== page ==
Journal for Geometry and Graphics 25 (2021), No. 1, 139--154
Copyright Heldermann Verlag 2021
An Analysis of Vermeer's Perspective in Composition
Joshibi University of Art and Design, 1900 Asamizodai, Sagamihara, Kanagawa, Japan
In this study, the relationship between the works of Vermeer, camera obscura light images and frame composition is considered. It has been suggested that Vermeer may have traced camera obscura images to create his paintings. Although it is unlikely that he could have traced the entire image at once, similar to scanning, it is possible that Vermeer may have taken models, motifs, or relative sizes of different objects from these light images and incorporated them directly into his compositions.
One of his works during the early stages of his career is called "Milk Maid". The results of the analysis of two works from the same period, "Woman in Blue" and "Woman with a Water Jug", show that multiple horizon lines can be derived, indicating a geometric inaccuracy. This shows that the works of Vermeer were not geometrically accurate during the start of his career. He created stable compositions with geometric accuracy after a certain point in his career.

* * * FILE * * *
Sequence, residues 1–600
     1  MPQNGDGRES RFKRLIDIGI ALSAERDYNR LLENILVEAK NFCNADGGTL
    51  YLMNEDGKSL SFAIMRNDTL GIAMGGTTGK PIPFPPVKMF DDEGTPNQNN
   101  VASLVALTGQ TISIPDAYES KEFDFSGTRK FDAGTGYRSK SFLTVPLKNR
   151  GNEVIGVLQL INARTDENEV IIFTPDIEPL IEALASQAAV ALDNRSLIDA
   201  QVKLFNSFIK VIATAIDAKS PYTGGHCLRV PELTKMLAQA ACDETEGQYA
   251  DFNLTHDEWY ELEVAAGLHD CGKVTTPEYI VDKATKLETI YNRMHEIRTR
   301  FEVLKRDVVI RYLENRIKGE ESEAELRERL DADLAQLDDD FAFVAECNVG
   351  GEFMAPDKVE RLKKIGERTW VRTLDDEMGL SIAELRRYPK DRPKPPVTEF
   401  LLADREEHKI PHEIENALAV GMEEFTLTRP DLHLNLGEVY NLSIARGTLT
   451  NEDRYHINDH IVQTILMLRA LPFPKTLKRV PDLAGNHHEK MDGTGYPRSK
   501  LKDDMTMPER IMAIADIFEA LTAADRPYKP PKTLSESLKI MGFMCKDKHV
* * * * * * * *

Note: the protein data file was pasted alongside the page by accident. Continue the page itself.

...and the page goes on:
The analysis of "Milk Maid" has created doubts regarding the possibility that Vermeer used a camera obscura to trace the surface of the floor. However, because of factors such as the necessity for focus adjustment and limitations of the light image, he may have faced problems in constructing a geometrically accurate space. This report describes the boundary lines drawn on floors, which are essential for creating a space with a sense of depth in paintings.
Keywords: Modeling theory, 17th century Dutch painting, perspective painting.
MSC: 00A66; 51N05
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